• roger dziengeleski says:

          Dana, really? Such sarcasm and general lack of understanding. Newcomb has been trying to get a convenience store for decades but neither Stewarts or any other chain will put one in. Just not enough traffic. Maybe with connector trails there would be?

          • Boreas says:

            I wasn’t trying to be sarcastic at all, although it may have sounded that way. Perhaps new the money being spent on Upper Works will add more traffic to the area.

            • roger dziengeleski says:

              Thanks for the clarification. Maybe the upper works will help but likely a lot more is needed. A pure single stream recreation based economy will require all forms of recreation to be encouraged in order to cover all seasons and to generate enough economic activity to provide jobs and services.

              • Boreas says:


                If the upper part of the RR corridor to Tahawus could provide a year-round recreational corridor it would also help Newcomb and the Upper Works project. But while the commercial potential of that section of RR is rehashed and debated, the Newcomb area waits… I would much rather old RR beds provide year-round connector trails since much of the infrastructure is already present.

                • roger dziengeleski says:

                  Allowing all types of recreation will not replace the economic impact of lost development, forest management and mining economic contributions. Towns continue to shrink as do services and needed infrastructure like hotels and restaurants. All are needed to support a recreation only economy. We aren’t in a place of plenty where we can pick and chose what recreation we will allow.

      • Hoffman Notch says:

        Not enough economic input to justify your bull crap trails. Leave the damn Adirondacks alone. Snowmobiles don’t belong on Forest PRESERVE lands…GO ELSEWHERE on trails that already exist. Snowmobile traffic isn’t making anyone rich. Leave it alone you greedy sob’s

        • Roger Dziengeleski says:

          By this logic there should be no hiking trails either? “Leave the damn Adirondacks alone.” This includes all human activity. Very elitist to suggest only your preferred form of recreation is to be allowed in the Adirondacks.

          • Boreas says:


            There’s that term “elitist” again. The hiking trails exist. The proposed snowmobile trail doesn’t. I feel Hoffman Notch has a valid point. Is it not “elitist” to expect A14 to be ignored in order to build trails for a motorized sport that only some can afford? Many snowmobilers feel their activity is OK but draw the line at allowing ATVs in the Park or building trails for ATV/motorbike use. Is that “elitist”? eBikes and drones are not allowed, but snowmobiles are OK?

            Hiking, hunting, fishing and paddling were the types of recreation alluded to in A14. There was no mention of motorized recreation and developing trail systems for them. Until A14 is properly amended to address the modern issues of motor vehicle access, APA, DEC, and other stakeholders will continue to be busy in the courts. Propose an amendment to A14 and let’s find out once and for all what NYS citizens feel about motorized recreation in the FP. There will be no good way to plan for the future management of the Park with shifting court decisions and challenges.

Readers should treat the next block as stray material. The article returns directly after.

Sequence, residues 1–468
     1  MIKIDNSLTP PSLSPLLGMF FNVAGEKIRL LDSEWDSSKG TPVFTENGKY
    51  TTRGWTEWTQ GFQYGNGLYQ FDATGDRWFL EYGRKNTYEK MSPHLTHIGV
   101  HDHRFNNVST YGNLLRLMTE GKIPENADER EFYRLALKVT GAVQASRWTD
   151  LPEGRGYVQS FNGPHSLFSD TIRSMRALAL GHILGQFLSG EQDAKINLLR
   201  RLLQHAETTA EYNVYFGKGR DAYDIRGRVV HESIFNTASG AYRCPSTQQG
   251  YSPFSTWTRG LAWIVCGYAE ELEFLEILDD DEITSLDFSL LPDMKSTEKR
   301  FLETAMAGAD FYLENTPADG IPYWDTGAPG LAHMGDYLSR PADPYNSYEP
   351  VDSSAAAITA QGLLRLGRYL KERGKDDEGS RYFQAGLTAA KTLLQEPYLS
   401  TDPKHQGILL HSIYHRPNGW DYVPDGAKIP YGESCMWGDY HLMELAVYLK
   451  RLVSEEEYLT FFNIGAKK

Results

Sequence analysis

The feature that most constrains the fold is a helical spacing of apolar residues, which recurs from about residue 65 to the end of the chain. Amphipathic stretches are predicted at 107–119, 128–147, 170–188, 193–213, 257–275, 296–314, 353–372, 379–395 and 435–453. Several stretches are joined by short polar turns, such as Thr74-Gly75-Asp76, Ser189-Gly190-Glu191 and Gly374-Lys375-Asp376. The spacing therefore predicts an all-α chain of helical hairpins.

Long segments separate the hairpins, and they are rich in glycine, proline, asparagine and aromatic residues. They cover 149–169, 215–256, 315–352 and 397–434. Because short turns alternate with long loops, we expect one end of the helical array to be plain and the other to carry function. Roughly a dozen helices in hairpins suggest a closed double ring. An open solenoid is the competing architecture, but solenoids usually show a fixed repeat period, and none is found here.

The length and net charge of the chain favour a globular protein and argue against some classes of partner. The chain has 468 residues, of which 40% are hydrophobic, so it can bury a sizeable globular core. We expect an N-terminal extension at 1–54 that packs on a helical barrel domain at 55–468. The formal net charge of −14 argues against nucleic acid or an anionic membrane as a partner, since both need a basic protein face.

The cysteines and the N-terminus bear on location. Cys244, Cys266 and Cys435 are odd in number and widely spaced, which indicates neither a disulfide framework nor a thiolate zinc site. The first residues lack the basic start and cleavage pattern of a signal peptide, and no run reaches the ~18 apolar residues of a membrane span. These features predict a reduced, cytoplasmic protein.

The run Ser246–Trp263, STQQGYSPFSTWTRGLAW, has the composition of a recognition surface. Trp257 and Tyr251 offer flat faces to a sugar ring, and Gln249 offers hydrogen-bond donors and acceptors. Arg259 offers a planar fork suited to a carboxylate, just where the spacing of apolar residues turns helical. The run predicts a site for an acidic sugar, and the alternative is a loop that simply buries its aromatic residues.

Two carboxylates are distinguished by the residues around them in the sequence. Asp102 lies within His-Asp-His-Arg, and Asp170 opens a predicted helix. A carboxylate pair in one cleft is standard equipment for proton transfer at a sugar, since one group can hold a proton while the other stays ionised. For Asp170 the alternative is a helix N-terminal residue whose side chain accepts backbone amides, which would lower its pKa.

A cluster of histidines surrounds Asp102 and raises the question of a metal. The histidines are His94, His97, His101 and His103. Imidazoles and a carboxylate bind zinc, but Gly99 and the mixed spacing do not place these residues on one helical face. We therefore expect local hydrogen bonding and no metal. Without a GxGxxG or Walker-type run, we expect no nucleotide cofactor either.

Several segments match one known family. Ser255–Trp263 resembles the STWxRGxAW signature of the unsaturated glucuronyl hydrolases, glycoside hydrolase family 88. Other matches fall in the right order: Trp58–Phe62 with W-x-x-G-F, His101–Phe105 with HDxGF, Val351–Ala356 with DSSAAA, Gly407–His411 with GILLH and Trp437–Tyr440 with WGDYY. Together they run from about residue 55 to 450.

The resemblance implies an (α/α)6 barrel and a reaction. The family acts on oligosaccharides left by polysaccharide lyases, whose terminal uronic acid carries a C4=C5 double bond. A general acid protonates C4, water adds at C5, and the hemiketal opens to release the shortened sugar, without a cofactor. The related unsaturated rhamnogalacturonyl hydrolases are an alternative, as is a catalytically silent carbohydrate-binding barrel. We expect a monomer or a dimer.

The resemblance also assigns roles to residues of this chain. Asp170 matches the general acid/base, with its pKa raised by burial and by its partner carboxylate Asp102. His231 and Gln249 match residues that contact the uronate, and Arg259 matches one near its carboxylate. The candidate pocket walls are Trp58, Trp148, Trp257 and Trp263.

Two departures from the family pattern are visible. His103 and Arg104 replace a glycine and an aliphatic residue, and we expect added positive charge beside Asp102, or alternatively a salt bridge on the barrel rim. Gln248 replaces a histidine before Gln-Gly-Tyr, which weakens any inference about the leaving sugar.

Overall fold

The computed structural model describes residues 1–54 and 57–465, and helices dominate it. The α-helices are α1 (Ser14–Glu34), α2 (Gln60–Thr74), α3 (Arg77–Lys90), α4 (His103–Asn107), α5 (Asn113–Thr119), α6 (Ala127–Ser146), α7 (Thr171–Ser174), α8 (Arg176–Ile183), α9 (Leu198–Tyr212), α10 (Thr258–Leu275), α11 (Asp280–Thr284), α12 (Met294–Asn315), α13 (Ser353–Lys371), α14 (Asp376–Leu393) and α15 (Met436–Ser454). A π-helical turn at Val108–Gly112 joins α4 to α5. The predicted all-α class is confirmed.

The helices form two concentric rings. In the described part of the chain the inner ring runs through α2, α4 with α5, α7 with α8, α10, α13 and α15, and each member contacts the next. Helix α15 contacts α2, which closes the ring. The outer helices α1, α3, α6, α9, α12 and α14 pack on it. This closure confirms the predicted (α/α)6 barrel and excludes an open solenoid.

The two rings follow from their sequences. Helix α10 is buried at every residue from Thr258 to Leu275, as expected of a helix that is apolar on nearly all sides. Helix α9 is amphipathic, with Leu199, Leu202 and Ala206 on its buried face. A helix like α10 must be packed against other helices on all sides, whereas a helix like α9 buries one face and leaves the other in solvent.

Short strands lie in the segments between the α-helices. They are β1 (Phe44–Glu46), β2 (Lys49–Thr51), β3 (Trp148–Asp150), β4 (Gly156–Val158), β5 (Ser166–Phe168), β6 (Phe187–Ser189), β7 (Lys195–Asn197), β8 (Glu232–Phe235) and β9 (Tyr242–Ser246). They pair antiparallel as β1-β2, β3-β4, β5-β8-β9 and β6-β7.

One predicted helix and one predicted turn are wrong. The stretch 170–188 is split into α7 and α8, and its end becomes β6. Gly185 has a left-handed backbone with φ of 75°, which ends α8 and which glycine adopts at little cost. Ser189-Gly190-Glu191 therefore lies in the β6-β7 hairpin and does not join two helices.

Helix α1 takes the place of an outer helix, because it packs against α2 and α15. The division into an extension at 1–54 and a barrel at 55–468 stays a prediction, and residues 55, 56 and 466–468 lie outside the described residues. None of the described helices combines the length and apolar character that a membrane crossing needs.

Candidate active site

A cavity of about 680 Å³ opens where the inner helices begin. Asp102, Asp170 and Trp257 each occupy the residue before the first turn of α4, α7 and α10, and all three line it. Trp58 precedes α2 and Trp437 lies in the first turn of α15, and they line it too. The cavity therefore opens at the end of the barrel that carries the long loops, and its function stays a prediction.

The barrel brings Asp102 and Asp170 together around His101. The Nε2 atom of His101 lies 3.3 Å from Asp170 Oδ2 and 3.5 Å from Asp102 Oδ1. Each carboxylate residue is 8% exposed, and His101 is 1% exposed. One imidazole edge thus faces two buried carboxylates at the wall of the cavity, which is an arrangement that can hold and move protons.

• Hoffman Notch says:

              Roger…my comments were based on an economic outlook. Snowmobilers want us to believe that they keep the Adirondack towns up and running in the winter…it’s just not true. And your word “elitist” pisses me off. As Boreas eluded to…there is nothing more “elitist” than saying that these trails are smowmobile only. Snowmobiles use them for such a short period of time throughout the year. I’m an ATV owner…but I can’t use “YOUR” trails. Clearly you don’t understand what “elitist” means.

              • roger dziengeleski says:

                Hoffman and Boreas, snowmobile trails are multi use trails and have been for many decades. Snowmobilers, horseback riders, bike riders, hunters and other open space recreational users don’t lobby against hiking or canoeing (all human activity impacts wilderness). So if you don’t like the word elitist (Would selfish, snobbish, or obstructionist be better adjectives to use?) just stop trying to ban other users from their recreation. Three million acres of Preserve is enough space for all recreational pursuits. By the way, snowmobiles have been allowed under A14 for well over half a decade. Thanks,

                • John Warren says:

                  The notion that snowmobile trails are really multi-use trails is an outright lie. Nearly all snowmobile trails are closed to all but snowmobile club members only.

                  Open existing snowmobile trails to all users and then you can start complaining about the trails you want on public forever wild lands.